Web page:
Educational staff, mental health professionals, and even parents are navigating uncharted territory as we learn to identify and assess the behavioral problems children display while traveling through the novel COVID-19 pandemic.
The most significant task and skill is awareness. Prior standard solutions may apply to current situations. Still, there should also be a constant awareness that the skills needed to support children in our current state may not even have been identified or labeled.
What Secondary School Behavioral Problems were Present Pre-COVID?
Before March of 2020, most students’ behaviors were managed through routines and strong classroom management expectations. Teachers may have hosted quick individual conferences outside of classroom doors to assuage “unruly” behaviors, but most teachers generally dealt with similar issues.
There are a handful of behavioral problems in teens that high school teachers deal with:
- Cell phones
- Social media
- Poor communication
- Casual defiance/disrespect
There were also concerns about turning in work promptly or students not telling parents the truth about classroom expectations or events. I’m sure some teachers even dealt with students cheating on assignments or assessments and “sharing” work with their friends.
There was the occasional school fight, kids smoking in the bathroom, or inappropriate touching issues that weren’t entirely out of the ordinary, although less common. For a vast majority of students, ISS/OSS, detention, conferences, and parent contact helped to remedy these issues.
What New Challenges have Emerged for Teens Since COVID Started?
The 2021-2022 school year began attempting to create the (next) new normal. Students emerged from isolation filled with so much.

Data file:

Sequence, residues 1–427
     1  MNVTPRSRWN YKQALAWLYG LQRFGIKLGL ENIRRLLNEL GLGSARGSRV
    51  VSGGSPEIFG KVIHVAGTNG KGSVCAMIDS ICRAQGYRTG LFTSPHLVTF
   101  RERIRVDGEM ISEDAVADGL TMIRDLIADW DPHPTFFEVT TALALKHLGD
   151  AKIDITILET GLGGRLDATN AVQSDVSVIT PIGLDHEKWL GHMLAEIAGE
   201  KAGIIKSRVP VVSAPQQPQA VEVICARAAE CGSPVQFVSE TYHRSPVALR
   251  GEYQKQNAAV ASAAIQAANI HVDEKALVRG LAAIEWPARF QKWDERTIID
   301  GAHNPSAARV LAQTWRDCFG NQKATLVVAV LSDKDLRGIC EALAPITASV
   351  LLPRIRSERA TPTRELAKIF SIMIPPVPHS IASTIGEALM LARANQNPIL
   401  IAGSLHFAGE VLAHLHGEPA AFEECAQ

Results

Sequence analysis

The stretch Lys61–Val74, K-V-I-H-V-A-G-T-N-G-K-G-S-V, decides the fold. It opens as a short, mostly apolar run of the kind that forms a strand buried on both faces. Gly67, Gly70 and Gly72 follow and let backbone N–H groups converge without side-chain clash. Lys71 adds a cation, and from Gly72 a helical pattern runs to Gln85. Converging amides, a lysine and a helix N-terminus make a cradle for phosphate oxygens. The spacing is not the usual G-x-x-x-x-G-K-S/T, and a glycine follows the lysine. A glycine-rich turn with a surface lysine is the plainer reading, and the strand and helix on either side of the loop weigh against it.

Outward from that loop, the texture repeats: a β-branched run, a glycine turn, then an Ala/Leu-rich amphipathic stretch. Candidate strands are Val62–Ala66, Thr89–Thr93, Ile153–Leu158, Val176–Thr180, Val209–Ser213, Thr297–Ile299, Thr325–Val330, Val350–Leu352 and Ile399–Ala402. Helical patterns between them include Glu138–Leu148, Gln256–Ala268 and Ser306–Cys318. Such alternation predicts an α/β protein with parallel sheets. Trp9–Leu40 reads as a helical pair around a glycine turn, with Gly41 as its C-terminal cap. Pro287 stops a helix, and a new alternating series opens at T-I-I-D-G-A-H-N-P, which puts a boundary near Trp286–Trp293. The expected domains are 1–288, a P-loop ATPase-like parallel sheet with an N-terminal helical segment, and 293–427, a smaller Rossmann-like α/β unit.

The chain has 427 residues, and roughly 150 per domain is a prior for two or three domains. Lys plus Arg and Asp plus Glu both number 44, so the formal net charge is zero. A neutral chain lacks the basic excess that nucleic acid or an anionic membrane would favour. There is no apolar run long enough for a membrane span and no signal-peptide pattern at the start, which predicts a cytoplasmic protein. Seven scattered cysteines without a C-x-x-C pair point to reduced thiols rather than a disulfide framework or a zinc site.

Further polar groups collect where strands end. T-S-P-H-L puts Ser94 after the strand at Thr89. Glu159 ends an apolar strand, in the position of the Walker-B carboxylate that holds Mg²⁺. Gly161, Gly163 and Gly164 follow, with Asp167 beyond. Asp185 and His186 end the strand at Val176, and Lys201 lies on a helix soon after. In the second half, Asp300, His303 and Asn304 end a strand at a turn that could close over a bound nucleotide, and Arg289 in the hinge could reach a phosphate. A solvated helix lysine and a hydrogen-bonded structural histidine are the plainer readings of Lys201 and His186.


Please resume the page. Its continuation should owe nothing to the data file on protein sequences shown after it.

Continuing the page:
- Anxious about being in crowds again
- Overjoyed at finally being able to see their friends regularly
- Angry for a variety of reasons
- Managing the heartbreak of death that touched so many
- Unable to mature in isolation and showed up defiant and disrespectful
Righteousness and Challenge
There were also a handful of incredibly righteous students. Driven by social media, students became activists for Black Lives Matter, climate change, the LGBTQIA+ community, women’s rights, and more. No longer satisfied with blindly consuming media, students were ready to take a stand, challenging teachers and classmates alike.
Apathy and Impulse
In particular ninth and tenth graders struggled. They were still displaying many typical middle school behaviors and had the most difficult time navigating high school life. Across the country, high numbers of behavior issues seem to be based upon the impulsive nature of ninth grade students. There is also what seems to be an overwhelming sense of apathy.
Very few students were retained at the end of the 2020 school year. It was impossible to penalize students for the wide range of issues that varied from technology to time when everyone was sent home. The following school year was a year of trial, error, and grace.